IEEE Fellow, 1990, “For achievements and leadership in engineering education and efforts to increase the number of women and minorities in the engineering profession.”

Eleanor became an engineer out of rebellion! When she made that decision at the age of 17, it just was not something a woman would do. Her path to college wasn’t a smooth one, she was not accepted to several engineering schools because she was a woman, and in one instance, because they did not have the right facilities (no women’s bathrooms.) She was accepted by the City College of New York (CCNY) and was the only female engineering student. She earned her BEE in 1959 from CCNY, and her MEE (1961) and Ph.D. (1964) from Polytechnic Institute of New York.

She worked as an engineer at Sperry Rand Corp. and later at General Instruments Corp. However, most of her career has been spent in academia. She was the first woman Dean of Engineering at Pratt Institute in 1991. She joined Cooper Union in 1987.

Eleanor is a fearless advocate of issues that relate to women and minorities students in engineering. She is a perfect match for Cooper Union, which is a tuition-free institution. It has a tradition of teaching students from diverse cultural and ethnic backgrounds. Eleanor feels that Cooper Union is the most exciting academic institution she has ever encountered. She notes that its small, has a superb faculty, and has the type of students that faculty dream of teaching.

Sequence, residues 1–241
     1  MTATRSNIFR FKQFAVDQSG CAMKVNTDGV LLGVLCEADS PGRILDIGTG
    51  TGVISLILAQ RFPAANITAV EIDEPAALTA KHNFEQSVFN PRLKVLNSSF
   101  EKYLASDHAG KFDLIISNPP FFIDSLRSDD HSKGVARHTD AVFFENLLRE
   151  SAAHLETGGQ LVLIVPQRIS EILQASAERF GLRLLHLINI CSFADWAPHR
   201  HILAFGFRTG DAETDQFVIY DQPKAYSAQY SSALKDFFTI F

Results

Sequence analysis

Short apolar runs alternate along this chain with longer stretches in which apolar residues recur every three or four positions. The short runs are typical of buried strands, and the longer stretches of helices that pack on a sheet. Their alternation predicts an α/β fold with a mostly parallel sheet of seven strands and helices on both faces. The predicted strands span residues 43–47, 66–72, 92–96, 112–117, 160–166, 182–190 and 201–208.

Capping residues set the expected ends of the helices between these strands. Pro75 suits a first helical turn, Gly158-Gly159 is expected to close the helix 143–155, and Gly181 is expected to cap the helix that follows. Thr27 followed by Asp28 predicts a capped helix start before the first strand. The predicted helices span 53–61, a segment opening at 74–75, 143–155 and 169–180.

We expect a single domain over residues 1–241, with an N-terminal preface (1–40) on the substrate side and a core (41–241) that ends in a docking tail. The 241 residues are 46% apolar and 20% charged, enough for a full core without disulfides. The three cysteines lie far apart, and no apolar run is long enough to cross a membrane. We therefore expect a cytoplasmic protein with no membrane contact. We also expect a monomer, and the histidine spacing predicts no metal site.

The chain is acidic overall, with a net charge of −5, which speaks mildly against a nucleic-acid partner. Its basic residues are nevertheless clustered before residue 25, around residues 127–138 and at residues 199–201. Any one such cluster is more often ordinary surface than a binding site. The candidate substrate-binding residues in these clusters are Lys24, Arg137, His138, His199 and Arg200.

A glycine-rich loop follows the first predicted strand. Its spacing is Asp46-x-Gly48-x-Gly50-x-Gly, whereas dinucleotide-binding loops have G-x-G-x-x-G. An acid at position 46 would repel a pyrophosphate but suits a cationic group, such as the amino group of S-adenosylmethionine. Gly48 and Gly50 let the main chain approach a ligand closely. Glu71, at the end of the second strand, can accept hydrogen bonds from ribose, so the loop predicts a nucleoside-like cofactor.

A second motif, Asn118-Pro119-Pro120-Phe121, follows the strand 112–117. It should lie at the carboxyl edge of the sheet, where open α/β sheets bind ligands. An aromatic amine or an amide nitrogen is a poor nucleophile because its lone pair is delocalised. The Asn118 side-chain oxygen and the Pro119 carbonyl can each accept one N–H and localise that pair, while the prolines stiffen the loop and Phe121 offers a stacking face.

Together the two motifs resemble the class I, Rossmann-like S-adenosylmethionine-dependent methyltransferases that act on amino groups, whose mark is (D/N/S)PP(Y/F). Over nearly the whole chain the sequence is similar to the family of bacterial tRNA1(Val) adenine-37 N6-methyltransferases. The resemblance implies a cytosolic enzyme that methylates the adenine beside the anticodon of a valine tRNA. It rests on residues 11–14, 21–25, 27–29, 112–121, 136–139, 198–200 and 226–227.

She is also an advocate of Life Long Learning, which the IEEE is committed to through its Educational Activities. Baum participated in the IEEE Technological Literacy Counts (TLC) Workshop, 9-10 October 1998, in Baltimore MD. Over 100 educators and engineers met to launch a collaborative effort to promote universal technological literacy.

She is a past President of the Accreditation Board of Engineering and Technology (ABET). Eleanor is a Fellow of IEEE, the Society for Women Engineers (SWE), and the Order of the Engineer as well as the recipient of a number of honorary degrees. She serves on the Boards of several prestigious organizations and has chaired the Committee for Examiners for the Graduate School Record Examination. A member of the Engineer Workforce Commission and the Competitiveness Policy Council, Eleanor has received many awards in the area of engineering education. She has also been active in national efforts to increase the number of women and minorities entering the engineering profession and is a speaker and writer on this topic.

Eleanor’s leisure activities include cooking, traveling, reading mysteries, playing tennis and attending the theatre. She and her husband Paul have two daughters, Elizabeth and Jennifer.